- 1. A traffic matrix that provides statistics about traffic exchanged between CE
**1**and any of the other endpoints. - 2. The capacity available between PE
**1**and any of the other network edges through which the customer endpoints are reached.
- 1. A traffic matrix that provides statistics about traffic exchanged between CE
In an ideal situation, the customer traffic is perfectly characterized so that a traffic matrix is obtained that specifies the amount of traffic that is directed toward each of the other endpoints. Further, the network would support per-hop signaling-based admission control so that one has a precise idea of the capacity available to a given endpoint. However, neither of these pieces of information is easily available in a real situation. It is usually hard to obtain the customer's traffic matrix because it is often unknown even to the customer. Further, today's core networks do not support per-hop admission control functions. The question then becomes, what is the relative importance of these components and what mechanisms can help a provider go beyond a naïve peak provisioning approach while still being relevant from a deployment perspective. The service provider would naturally want to exploit the multiplexing gains offered by the temporal and spatial variability in the traffic generated by the endpoints of VPNs in the network. There are two levels of multiplexing that can be taken advantage of: -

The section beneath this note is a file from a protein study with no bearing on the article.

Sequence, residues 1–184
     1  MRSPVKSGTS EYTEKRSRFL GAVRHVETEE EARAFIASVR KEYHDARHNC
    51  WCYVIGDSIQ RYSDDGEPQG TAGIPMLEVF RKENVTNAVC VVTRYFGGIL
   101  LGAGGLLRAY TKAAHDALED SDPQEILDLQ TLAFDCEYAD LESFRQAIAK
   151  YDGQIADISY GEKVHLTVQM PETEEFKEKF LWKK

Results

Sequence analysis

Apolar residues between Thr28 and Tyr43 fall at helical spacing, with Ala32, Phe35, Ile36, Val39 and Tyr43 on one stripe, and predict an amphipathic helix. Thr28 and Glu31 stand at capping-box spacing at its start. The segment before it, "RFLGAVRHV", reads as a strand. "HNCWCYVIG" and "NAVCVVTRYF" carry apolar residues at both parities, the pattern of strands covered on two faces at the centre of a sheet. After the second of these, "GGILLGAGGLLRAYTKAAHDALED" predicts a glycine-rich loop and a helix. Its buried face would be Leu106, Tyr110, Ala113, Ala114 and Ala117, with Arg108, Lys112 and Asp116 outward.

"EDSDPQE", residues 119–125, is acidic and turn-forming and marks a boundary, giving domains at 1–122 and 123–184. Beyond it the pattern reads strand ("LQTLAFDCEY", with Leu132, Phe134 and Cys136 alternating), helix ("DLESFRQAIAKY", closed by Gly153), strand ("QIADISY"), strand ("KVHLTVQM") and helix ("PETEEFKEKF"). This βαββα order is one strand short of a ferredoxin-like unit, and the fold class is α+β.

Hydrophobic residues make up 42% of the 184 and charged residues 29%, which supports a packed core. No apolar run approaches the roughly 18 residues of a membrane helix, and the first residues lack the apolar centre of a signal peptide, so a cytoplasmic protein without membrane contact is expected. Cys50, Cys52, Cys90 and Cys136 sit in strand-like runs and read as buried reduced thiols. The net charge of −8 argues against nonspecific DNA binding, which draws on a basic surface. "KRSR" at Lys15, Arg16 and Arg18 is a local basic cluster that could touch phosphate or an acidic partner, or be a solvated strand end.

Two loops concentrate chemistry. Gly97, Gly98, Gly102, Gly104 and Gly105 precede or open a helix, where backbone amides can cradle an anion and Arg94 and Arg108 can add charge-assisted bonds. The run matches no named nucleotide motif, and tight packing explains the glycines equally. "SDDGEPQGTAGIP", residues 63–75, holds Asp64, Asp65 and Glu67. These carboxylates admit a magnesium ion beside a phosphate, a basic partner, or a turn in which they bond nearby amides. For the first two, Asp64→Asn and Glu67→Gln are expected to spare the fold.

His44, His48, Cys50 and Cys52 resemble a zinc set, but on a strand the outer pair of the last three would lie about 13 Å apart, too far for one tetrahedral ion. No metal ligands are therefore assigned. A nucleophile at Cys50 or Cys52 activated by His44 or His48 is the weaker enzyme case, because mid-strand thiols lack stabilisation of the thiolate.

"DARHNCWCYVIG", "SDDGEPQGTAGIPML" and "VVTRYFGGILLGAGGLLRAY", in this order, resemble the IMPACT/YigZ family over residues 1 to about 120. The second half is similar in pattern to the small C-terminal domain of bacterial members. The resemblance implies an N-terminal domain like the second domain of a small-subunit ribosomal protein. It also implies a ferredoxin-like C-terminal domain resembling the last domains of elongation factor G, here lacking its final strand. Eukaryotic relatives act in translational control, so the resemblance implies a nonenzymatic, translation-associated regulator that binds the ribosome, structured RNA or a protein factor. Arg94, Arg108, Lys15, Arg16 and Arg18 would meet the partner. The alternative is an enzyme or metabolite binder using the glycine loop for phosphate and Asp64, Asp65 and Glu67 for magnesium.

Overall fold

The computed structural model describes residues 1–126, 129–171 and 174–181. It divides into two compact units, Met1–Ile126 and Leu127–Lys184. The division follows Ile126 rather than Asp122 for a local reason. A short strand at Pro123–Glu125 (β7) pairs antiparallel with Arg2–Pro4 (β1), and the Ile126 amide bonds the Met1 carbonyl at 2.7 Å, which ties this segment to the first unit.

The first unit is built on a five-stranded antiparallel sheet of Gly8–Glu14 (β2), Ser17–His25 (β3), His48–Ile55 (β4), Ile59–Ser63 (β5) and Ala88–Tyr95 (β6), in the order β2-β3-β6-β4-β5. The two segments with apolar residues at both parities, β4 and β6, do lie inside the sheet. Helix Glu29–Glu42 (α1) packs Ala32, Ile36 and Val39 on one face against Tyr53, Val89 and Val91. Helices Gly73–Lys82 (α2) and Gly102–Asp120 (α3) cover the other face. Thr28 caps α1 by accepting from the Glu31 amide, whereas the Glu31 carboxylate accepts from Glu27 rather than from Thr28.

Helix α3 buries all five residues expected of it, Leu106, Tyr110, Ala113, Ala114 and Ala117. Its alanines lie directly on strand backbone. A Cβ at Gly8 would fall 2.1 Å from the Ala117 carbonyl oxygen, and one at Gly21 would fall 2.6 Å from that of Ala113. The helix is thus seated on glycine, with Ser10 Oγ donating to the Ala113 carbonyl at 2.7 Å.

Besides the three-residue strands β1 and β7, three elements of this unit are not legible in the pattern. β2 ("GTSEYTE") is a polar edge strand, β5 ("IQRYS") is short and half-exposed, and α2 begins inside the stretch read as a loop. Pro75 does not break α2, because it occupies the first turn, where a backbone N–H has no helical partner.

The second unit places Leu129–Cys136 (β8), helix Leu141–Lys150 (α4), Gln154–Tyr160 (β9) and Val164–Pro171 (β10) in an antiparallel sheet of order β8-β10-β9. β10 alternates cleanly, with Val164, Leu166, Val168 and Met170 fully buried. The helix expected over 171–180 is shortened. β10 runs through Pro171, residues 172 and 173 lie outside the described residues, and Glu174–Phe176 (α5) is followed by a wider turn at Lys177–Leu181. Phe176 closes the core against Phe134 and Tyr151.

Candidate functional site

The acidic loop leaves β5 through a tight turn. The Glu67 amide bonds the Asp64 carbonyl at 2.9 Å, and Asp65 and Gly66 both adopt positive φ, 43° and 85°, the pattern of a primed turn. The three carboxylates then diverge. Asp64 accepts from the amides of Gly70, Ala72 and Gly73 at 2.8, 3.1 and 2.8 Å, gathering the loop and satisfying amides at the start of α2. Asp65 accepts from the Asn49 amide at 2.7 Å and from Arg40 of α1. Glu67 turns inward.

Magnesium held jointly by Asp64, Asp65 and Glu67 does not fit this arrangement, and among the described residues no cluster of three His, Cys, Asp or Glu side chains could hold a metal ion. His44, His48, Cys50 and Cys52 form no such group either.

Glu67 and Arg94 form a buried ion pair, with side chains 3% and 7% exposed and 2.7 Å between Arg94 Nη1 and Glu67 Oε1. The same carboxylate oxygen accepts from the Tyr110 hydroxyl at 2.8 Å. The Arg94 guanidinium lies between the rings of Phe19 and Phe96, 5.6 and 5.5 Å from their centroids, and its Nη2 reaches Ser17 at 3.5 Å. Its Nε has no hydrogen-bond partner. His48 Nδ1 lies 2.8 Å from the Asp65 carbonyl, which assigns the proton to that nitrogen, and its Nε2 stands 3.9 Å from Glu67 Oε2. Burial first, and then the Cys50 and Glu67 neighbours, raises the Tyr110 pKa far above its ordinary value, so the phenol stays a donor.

- multiplexing of traffic from the endpoints of a given VPN sharing a part of the network
- multiplexing of traffic from different VPNs sharing the network